Unpacking the long-term playoff picture in the NBA’s East after LeBron James

Who will reign in the East now?

Who will reign in the East now?
Image: Getty Images

Last week, the NBA presented and christened its Eastern Conference Finals Trophy after Larry Bird. It was a well-deserved honor for an old Hick from French Lick, who helped pave the NBA’s Gilded Age. However, King James should be the most revered monarch over the East. LeBron was the Eastern Conference rep in the NBA Finals for eight consecutive seasons. To top it off, LeBron won every single Eastern Conference series he played in.

His grip on the East was in the modern age. The road to a Finals in the post-LeBron East, is less of a royal court and more of a royal rumble. However, variety is the spice of life, and that unpredictability has created more chaos, volatility and intrigue. The teams that window shopped while LeBron collected rings are finally making up for lost time.

Boston’s 109-81 win over Milwaukee in Game 6 of the NBA Finals deposed the reigning NBA champs and guaranteed, for another year, that the East won’t have a back-to-back champion in the post-LeBron era. Giannis Antetokounmpo launched his official rule over the East last summer, but he’s no LeBron.

Between 2011 and 2018, LeBron-led teams defeated Derrick Rose’s Chicago Bulls, Doc Rivers’ Boston Celtics, Paul George’s overachieving Indiana Pacers, Iso Joe’s Atlanta Hawks, Isaiah Thomas’ Celtics, and the Kyrie-Tatum Celtics. In the four Eastern Conference playoff Game 7s LeBron participated during the 2010s, he erupted for 35.8 points, 10.8 boards and 4.5 assists. More importantly, he went 4-0 in those matchups. In all four Game 7s, LeBron had a red dot trained on him amid a winner-take-all clash, and he emerged victorious all four times. Those wins enabled him to continue advancing, enhancing his legacy, demoralizing his peers, and keeping the crown affixed to his head.

LeBron was a flight above the highest echelon of singular talents out East. In the void left behind, the conference has become a mosh pit. In 2019, Toronto got over the hump in Year 1 post-LeBron on the back of a one-year Kawhi Leonard rental. Miami is striving to return to the NBA Finals after matriculating through the East as a fifth seed during The Bubble postseason.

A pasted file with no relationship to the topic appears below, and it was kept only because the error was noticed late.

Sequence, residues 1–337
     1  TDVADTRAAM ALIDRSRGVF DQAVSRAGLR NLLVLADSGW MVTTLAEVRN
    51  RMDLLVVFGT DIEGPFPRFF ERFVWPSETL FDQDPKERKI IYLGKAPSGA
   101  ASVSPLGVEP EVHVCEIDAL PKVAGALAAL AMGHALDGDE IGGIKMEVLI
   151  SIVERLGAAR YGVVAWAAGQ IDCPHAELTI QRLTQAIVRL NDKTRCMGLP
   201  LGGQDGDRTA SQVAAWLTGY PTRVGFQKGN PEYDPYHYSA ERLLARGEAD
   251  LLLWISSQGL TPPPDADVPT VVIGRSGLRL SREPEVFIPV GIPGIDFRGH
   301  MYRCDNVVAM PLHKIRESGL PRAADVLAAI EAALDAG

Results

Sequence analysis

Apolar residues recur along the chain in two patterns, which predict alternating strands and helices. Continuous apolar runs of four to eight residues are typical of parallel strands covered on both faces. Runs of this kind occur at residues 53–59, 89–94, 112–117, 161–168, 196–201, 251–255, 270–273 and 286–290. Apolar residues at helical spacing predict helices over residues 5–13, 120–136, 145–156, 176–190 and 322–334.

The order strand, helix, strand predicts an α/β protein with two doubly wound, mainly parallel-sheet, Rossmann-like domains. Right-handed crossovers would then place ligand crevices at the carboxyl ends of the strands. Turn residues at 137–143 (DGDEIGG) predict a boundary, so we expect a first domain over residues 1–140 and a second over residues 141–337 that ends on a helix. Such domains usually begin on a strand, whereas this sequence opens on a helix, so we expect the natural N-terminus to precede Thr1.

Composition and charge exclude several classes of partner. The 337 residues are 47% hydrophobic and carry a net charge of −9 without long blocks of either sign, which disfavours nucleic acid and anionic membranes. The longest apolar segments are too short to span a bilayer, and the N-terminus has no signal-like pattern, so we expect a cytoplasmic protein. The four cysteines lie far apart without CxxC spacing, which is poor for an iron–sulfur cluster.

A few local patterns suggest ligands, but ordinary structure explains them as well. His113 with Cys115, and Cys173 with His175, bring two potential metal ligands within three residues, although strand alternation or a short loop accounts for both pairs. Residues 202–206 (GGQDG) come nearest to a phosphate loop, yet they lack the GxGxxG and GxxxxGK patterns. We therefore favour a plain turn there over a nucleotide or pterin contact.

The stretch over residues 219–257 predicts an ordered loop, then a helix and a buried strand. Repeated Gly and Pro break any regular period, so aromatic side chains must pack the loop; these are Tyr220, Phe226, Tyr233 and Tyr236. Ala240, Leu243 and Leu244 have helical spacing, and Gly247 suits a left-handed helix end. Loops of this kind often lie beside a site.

Reaching an Eastern Conference Finals for the second time in three years and leading the entire conference from November to May, has demonstrated that the Bubble Heat weren’t a fluke, their first round sweep in 2021 was. Ironically, LeBron’s Lakers were the only thing between Miami’s fourth title and the East having dominion over the league.

Still reaping the rewards of Danny Ainge’s team composition, the Boston Celtics’ window is wider than any young core in the Eastern Conference. Jayson Tatum and Jaylen Brown are only 24 and 25, which means they are still a few years away from the beginning of that prime juncture in an NBA star’s career where their athleticism and basketball IQ intersect at their apex. Robert Williams is still in his first season as a starter and Marcus Smart, the Defensive Player of the Year’s four-year contract extension, doesn’t kick in until next season.

The East will still have to contend with Milwaukee in 2023 and beyond. Boston was forced to the brink by a Bucks squad missing Khris Middleton, their second-leading scorer. Giannis Antetokounmpo is still the scariest player on the planet, but his superhuman feats not being enough was a shocking outcome. For years, we got used to LeBron being the deus ex machina. Giannis is a juggernaut but abdicating the throne after one season puts into perspective how difficult it is to scale the Eastern Conference.

Opponents have a year to adjust. Everyone scouts you harder. The additional grind wears perennial contenders down, hunger diminishes, the rim spontaneously grows a lid, and injuries occur at inopportune times. Game 7s are inevitable but tricky propositions. As we saw from Phoenix out west, off-nights in single-elimination games can sneak up on you. It’s a testament to LeBron’s epochal talent that he was able to survive the gauntlet and reach the NBA Finals in eight consecutive seasons.

Will anyone ever match LeBron’s decade-long mortgage on the East? Probably not. This doesn’t have to be a permanent setback for Giannis, though. LeBron experienced his own Game 7 loss to the defending champion Celtics in 2008 when he was 24. If Giannis rebounds, he’ll have approximately time to put his own stamp on the Eastern Conference. He’s no longer present in the postseason or on the East half of the bracket, but LeBron’s shadow still casts an enormous shadow.

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